An arraignment has been set for the local man charged in a crash that resulted in the death of a 54-year-old Boyceville woman.
Appearing in Dunn County Circuit Court on March 9, Todd R. Dormanen, 47, waived his right to a preliminary hearing. Judge Rod Smeltzer found probable cause that Dormanen was responsible for the death of Jena D. Anderson, 54, on Feb. 12
Dormanen, 814 Tiffany St., Boyceville, faces charges of homicide by intoxicated use of a motor vehicle while having prior intoxicant-related conviction/revocation, operating while intoxicated causing injury-second and subsequent offense, OWI-4th offense, homicide by negligent operation of a vehicle, and reckless driving causing great bodily harm. Judge Smeltzer denied a motion filed by Dormanen’s attorney, William A. Schembera, to have his client’s cash bond reduced from $10,000 to $5,000. An arraignment has been scheduled for April 30.
According to the criminal complaint:
Around 12:42 p.m. on Feb. 12, Anderson’s daughter Kallie J. Anderson, 19, called E-911 and reported that she had been in a vehicle accident and that her mother was slumped over the steering wheel. Anderson was declared dead at the scene.
The Chevrolet Equinox driven by Anderson was observed facing north in the west ditch of Highway 79, while the Kia Sorento SUV driven by Dormanen could be seen facing north along the east shoulder. It appeared that Dormanen was heading northbound on Highway 79 when he crossed the center line into the southbound lane and struck Anderson’s vehicle, causing it to spin 180 degrees and land in the west ditch.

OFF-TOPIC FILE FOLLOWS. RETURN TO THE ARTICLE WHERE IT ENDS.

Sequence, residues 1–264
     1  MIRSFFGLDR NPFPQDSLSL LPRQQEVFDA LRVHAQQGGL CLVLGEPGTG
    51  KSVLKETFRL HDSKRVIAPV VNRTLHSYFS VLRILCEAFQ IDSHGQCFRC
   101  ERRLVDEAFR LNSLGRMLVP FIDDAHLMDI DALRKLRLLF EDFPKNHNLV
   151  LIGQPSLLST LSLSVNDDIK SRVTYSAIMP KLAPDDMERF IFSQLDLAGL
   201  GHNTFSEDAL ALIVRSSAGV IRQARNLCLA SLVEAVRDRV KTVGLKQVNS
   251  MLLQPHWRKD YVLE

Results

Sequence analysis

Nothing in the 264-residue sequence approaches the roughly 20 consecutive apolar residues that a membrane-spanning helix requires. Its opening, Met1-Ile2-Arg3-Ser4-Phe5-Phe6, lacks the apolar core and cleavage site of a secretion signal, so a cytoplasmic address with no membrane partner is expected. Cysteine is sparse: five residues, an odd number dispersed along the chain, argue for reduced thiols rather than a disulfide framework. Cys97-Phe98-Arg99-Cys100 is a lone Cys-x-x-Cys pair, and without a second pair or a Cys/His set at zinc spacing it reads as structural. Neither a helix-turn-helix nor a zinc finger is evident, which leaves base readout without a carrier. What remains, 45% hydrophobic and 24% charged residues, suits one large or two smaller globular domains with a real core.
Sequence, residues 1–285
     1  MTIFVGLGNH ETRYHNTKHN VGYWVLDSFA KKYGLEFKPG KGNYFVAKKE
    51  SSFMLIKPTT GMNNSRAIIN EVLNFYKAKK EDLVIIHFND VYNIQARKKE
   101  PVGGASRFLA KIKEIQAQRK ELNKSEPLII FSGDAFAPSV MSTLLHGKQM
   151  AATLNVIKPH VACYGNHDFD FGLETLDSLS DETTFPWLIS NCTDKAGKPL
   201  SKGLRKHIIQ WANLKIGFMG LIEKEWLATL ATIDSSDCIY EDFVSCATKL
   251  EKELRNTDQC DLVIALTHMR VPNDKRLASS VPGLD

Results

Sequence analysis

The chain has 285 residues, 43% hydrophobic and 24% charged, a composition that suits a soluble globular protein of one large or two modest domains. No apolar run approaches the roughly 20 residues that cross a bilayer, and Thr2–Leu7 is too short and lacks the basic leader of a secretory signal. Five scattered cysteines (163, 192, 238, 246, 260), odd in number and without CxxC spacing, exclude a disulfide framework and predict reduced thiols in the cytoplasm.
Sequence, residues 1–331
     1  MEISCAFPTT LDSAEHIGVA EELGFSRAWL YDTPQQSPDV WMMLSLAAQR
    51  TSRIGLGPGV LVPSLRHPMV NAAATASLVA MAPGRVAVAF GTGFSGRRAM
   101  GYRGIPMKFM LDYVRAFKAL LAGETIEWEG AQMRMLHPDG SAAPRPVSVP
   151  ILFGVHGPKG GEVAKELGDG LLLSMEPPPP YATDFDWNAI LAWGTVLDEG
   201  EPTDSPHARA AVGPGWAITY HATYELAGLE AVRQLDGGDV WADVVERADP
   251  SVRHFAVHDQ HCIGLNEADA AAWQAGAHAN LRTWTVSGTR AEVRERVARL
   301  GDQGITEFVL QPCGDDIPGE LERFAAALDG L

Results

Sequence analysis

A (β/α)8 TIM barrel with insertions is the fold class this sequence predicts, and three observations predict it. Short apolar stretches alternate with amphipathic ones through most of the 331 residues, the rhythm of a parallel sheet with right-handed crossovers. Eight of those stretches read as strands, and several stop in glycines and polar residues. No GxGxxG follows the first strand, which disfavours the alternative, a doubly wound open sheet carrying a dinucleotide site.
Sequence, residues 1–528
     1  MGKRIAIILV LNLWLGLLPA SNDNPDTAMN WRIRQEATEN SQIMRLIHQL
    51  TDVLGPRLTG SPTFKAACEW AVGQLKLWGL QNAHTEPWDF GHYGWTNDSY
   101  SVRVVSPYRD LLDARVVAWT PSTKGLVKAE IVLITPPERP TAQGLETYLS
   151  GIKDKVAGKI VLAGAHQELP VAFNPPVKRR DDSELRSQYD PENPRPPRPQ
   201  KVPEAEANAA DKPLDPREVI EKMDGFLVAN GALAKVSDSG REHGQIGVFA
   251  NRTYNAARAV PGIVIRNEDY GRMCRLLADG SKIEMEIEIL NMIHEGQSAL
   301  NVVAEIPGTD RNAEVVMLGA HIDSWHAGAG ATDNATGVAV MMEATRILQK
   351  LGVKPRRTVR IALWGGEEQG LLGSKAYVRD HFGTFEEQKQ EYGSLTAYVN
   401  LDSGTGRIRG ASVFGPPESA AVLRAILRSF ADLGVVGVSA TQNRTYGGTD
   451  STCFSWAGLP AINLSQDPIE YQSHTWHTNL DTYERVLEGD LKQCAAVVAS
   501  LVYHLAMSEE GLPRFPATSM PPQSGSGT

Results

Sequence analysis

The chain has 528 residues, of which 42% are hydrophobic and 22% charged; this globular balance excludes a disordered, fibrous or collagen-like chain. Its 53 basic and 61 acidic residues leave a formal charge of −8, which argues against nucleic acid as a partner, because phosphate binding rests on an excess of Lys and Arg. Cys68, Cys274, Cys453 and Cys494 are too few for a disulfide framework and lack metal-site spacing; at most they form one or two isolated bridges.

Boyceville Police Chief Greg Lamkin told a Dunn County deputy that a strong odor of intoxicants was emanating from Dormanen and his vehicle. Questioned later at an Eau Claire hospital, Dormanen said he did not recall anything about the crash or very much about what he had been doing that morning. He told the investigator he had worked the third shift at Phillips Plastics until 6 or 6:30 a.m. He thought he might have had a few beers at Tom & Jo’s Bar in Menomonie.
The bartender confirmed that she knew Dormanen, who had arrived around 6:30 a.m. with a female friend and stayed at the bar until around noon, during which time he was served eight to 10 16-ounce cans of Busch Light. Before he left, the bartender said she noticed his speech was slurred and told him he should not drive.
While serving other customers, the bartender said she overhead Dormanen and his friend discussing that he should stay at his friend’s house in Menomonie. The bartender said the bar was busy at the time, and she was unable to see whether Dormanen was stumbling when he departed.